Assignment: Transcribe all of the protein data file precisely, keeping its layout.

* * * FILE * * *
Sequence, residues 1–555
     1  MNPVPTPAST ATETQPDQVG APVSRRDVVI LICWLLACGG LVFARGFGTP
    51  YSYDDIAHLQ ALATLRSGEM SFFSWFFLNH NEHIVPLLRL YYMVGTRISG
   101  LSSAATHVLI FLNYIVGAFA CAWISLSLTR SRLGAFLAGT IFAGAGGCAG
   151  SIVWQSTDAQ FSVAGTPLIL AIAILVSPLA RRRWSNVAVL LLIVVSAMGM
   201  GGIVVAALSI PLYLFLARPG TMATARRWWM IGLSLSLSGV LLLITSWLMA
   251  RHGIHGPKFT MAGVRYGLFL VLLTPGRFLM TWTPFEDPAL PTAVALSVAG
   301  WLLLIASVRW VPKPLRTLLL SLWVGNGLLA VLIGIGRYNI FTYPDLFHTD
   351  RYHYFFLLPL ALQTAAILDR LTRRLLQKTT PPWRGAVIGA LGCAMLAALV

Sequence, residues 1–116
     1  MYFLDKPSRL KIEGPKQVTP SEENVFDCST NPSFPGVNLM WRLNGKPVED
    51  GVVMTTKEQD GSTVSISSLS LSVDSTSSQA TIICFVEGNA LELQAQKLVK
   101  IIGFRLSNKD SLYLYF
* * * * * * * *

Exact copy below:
Sequence, residues 1–555
     1  MNPVPTPAST ATETQPDQVG APVSRRDVVI LICWLLACGG LVFARGFGTP
    51  YSYDDIAHLQ ALATLRSGEM SFFSWFFLNH NEHIVPLLRL YYMVGTRISG
   101  LSSAATHVLI FLNYIVGAFA CAWISLSLTR SRLGAFLAGT IFAGAGGCAG
   151  SIVWQSTDAQ FSVAGTPLIL AIAILVSPLA RRRWSNVAVL LLIVVSAMGM
   201  GGIVVAALSI PLYLFLARPG TMATARRWWM IGLSLSLSGV LLLITSWLMA
   251  RHGIHGPKFT MAGVRYGLFL VLLTPGRFLM TWTPFEDPAL PTAVALSVAG
   301  WLLLIASVRW VPKPLRTLLL SLWVGNGLLA VLIGIGRYNI FTYPDLFHTD
   351  RYHYFFLLPL ALQTAAILDR LTRRLLQKTT PPWRGAVIGA LGCAMLAALV

Sequence, residues 1–116
     1  MYFLDKPSRL KIEGPKQVTP SEENVFDCST NPSFPGVNLM WRLNGKPVED
    51  GVVMTTKEQD GSTVSISSLS LSVDSTSSQA TIICFVEGNA LELQAQKLVK
   101  IIGFRLSNKD SLYLYF